P1120871_Louvre_stèle_de_Mésha_AO5066_2For several years the Israel Antiquities Authority (IAA) has engaged in projects to make digital photos of items available on the Internet. One project which garnered much attention is the Leon Levy Dead Sea Scrolls Digital Library, launched in December 2012 in collaboration with Google. This site allows one to view and search high-resolution images of the complete Dead Sea Scrolls archive. Recently the IAA announced the Rockefeller Museum Online project which makes available online digital images of all artifacts in the Rockefeller Museum in Jerusalem. This is the first time time that the whole collection of a museum will be available in digital images online. The museum, originally named the Palestine Archaeological Museum, was established with funds donated by John D. Rockefeller in 1938. The name was changed after the 1967 war. The effort to place the collection online is funded by a grant from David Rockefeller, the son of John D. Rockefeller, Jr.

MazzoliBible2Dino (neé Leopoldo) Mazzoli, a retired artist, has created a handwritten and illustrated edition of the Bible. Mr. Mazzoli worked ten years to produce the 23 volume (1,473 page) masterpiece which includes about 5,000 color illustrations. The edition includes the full text of the Christian Community Bible. Sample pages from the work can be seen on Mr. Mazzoli’s web site and in news stories in Visual News and the Catholic Herald. The entire work is available for the iPad and iPhone in the iTunes App Store; all proceeds from the sell of the app go to the Claretians, who translated and produce the Christian Community Bible.

“Sunday, April 12, is the date the global Orthodox church will celebrate Easter Sunday, according to the Julian calendar. For the first time, perhaps in centuries, Iraqi and Syrian Christians, many of whom are Orthodox, will not celebrate Easter Westminster_Abbey_martyrs_stitch_cin their home churches, but rather in camps for refugees and displaced people.” (Timothy C. Morgan, Gleanings, NY Cardinal, ‘AD’ Producers Step Up Campaign against Mideast Persecution,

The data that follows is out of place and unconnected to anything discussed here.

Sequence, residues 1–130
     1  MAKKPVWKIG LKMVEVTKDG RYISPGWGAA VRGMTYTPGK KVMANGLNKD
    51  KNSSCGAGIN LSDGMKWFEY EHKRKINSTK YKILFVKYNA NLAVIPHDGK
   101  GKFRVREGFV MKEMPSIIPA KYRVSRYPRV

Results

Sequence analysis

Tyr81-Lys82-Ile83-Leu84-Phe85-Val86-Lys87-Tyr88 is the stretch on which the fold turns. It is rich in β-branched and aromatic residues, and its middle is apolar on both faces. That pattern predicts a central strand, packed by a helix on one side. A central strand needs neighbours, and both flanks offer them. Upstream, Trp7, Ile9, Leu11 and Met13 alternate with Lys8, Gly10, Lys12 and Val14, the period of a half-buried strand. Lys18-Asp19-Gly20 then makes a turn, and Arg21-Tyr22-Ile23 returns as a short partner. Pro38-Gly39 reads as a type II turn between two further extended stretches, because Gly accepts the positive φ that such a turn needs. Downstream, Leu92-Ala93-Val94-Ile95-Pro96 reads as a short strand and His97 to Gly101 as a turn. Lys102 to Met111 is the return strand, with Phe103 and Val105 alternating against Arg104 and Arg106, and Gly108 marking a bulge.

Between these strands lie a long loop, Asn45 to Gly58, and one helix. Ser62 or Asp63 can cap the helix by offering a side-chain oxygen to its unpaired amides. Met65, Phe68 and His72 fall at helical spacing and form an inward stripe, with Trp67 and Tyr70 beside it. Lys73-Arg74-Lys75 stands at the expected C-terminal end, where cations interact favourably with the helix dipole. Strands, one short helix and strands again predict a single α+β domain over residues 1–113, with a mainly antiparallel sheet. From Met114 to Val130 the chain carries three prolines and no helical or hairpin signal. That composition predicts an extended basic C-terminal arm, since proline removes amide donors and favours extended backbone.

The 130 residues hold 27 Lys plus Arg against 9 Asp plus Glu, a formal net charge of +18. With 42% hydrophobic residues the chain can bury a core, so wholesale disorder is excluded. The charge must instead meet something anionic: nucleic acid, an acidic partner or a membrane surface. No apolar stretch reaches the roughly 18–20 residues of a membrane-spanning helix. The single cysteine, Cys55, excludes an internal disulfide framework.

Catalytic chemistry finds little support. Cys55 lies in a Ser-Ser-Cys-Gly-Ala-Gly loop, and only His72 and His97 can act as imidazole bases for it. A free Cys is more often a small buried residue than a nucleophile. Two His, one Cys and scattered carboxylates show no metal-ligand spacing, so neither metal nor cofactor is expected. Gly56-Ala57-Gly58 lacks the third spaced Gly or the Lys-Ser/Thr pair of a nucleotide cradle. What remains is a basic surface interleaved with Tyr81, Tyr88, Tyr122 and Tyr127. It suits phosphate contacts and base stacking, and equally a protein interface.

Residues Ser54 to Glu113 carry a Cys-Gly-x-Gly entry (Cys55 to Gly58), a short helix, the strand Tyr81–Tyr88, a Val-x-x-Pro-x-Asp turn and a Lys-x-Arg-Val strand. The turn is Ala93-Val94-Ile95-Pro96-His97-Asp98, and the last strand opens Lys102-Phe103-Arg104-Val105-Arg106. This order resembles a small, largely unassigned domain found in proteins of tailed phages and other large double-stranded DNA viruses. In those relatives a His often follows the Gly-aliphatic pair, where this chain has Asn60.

7 April 2015)

Persecution and killing of people due to their religious beliefs in the MiddleEast and Africa ought to weigh heavily on our hearts and minds. Those persecuted and their families should be in our prayers. But we need to do more. We need to speak out against the violence and intolerance, and we should assist those who have lost homes or livelihoods as a result of the persecution. Two websites which provide information on the situation and offer avenues to assist are 21martyrs and The Cradle Fund. I encourage you to visit these sites, read news reports from the regions, and prayerfully ask God to guide you in assisting our friends and enemies in the affected areas.

sunrise-153600_1280“To put it at its most basic: the resurrection of Jesus offers itself, to the student of history or science no less than the Christian or the theologian, not as an odd event within the world as it is but as the utterly characteristic, prototypical and foundational event within the world as it has begun to be. It is not an absurd event within the old world but the symbol and starting point of the new world. The claim advanced in Christianity is of that magnitude: Jesus of Nazareth ushers in not simply a new religious possibility, not simply a new ethic or a new way of salvation, but a new creation.”
— N.T. Wright, Surprised by Hope, p.67

Recommended reading for today: Seven Stanzas at Easter by John Updike.